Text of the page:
The U.S. Department of State is increasing its efforts to assist Fulbright program alumni to maintain the links created while on the program and use their exchange experiences to improve their career prospects, the Chronicle for Higher Education wrote in a recent article.
The U.S. and the Republic of Korea signed a memorandum of understanding (MOU) for the extension of two student exchange programs: the bilateral Working Holiday Program (WHP) for U.S. students and the Work, English Study, Travel (WEST) Program for Korean students.
“I am a huge, huge fan of the Fulbright Program,” Secretary of State John Kerry proclaimed at a Fulbright Teaching Assistant Event in Malaysia today, where he lauded the program’s power to change lives and minds and cause a “remarkable transformation.”
The U.S. will be both the largest and the fastest-growing study abroad destination over the next decade, the Chronicle of Higher Education reports, citing a new study released by the British Council’s Education Intelligence global research service.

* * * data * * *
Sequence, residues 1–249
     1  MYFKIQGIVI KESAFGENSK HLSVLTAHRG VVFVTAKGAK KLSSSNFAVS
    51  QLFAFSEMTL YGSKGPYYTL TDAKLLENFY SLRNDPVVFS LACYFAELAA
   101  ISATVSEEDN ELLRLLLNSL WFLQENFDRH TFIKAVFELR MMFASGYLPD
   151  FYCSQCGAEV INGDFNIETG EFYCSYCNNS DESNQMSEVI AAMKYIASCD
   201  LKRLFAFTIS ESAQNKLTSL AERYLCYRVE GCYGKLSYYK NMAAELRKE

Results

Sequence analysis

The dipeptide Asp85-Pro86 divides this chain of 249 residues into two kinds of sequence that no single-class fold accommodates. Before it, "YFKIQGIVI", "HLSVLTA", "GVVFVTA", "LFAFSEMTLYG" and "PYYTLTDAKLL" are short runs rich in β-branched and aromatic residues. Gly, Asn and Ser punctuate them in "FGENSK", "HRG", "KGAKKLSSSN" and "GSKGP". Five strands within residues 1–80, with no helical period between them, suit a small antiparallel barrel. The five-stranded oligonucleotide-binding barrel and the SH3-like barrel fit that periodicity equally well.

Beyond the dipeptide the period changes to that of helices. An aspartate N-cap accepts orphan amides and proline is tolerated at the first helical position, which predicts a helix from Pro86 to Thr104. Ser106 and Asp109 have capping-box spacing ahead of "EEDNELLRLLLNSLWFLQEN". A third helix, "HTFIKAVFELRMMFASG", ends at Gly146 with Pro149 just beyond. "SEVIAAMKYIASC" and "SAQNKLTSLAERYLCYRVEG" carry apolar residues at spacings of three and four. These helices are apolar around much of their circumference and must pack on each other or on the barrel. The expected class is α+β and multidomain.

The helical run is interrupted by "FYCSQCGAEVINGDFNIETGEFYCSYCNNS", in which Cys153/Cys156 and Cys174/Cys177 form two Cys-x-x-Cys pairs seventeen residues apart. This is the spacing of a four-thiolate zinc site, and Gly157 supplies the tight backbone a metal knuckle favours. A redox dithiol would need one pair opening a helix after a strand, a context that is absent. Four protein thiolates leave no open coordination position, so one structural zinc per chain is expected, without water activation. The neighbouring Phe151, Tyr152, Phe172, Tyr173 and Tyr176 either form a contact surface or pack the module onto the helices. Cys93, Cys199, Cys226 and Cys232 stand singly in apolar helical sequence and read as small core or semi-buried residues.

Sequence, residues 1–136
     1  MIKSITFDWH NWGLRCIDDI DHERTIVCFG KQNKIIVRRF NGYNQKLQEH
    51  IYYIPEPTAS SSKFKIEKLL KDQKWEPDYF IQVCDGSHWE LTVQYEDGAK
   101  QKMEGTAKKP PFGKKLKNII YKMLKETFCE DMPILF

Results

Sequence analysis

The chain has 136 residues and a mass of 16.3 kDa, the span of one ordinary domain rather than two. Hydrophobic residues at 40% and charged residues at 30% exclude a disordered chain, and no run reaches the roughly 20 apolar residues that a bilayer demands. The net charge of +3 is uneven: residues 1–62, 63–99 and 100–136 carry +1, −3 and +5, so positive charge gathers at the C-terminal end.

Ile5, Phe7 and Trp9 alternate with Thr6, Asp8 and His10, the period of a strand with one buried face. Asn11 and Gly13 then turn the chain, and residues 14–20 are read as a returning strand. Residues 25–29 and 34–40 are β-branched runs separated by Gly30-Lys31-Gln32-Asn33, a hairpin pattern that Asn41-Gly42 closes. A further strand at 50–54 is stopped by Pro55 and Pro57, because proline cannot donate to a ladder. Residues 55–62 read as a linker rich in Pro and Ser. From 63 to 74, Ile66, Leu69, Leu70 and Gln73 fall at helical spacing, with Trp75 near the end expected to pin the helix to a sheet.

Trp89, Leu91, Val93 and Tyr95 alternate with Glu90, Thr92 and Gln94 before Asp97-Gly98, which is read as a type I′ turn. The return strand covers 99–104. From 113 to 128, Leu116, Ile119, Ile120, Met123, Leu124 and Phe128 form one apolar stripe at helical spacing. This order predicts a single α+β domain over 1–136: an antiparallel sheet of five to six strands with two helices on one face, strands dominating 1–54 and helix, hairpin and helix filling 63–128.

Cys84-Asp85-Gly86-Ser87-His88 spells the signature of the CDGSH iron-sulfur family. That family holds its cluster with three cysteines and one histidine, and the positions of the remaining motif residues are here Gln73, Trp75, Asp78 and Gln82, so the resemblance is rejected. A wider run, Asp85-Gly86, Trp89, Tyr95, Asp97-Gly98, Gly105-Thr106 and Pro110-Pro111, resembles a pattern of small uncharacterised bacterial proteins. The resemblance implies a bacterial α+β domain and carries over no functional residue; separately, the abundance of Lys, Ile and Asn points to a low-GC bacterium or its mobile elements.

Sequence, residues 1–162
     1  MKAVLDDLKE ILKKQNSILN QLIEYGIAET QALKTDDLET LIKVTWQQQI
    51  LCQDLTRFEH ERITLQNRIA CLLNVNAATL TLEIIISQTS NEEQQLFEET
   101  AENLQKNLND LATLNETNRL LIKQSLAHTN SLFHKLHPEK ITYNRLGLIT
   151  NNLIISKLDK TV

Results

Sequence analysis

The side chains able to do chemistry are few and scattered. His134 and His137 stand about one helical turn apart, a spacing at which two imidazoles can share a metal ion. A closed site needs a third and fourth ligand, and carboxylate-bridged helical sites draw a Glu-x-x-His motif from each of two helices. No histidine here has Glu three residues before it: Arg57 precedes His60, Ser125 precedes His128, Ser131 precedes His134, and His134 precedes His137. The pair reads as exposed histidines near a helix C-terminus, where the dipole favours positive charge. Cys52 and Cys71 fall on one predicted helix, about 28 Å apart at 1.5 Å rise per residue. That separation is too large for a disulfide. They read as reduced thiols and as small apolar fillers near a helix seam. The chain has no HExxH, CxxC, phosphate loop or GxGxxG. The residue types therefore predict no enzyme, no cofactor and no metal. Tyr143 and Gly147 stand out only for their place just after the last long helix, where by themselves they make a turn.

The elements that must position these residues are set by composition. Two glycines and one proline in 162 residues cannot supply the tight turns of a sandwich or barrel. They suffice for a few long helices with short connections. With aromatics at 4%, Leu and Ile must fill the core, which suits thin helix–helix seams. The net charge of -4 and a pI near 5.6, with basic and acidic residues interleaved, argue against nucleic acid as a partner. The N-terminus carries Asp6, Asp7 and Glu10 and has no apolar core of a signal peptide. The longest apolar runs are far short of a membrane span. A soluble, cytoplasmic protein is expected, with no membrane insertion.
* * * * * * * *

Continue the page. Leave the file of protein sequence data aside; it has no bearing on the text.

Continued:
With rising tuition costs and decreasing college acceptance rates across the U.S., American students should consider pursuing higher education degrees in Europe, a recent op-ed in the Los Angeles Times argues.
In a video message last week, Secretary of State John Kerry announced that the U.S. will join the Convention on the Rights of Persons with Disabilities, which will help protect the rights of disabled Americans abroad.
According to Secretary Kerry:
An increasing number of international students are choosing to attend medical school in Eastern Europe, the New York Times reports.
New research shows that international students pay up to four times as much in fees in the UK as domestic students, the Huffington Post UK reports.
Recent figures compiled by the Complete University Guide indicate that “in some cases, foreign undergraduates are being asked to pay up to £35,000 for their courses.”
Trust and reciprocity are key elements in helping to “simplify the regulatory burdens for institutions that operate in multiple states,” according to a Chronicle of Higher Education blog post examining how educational quality-assurance agencies in host countries should best handle programs already evaluated by agencies in international students’ home countries.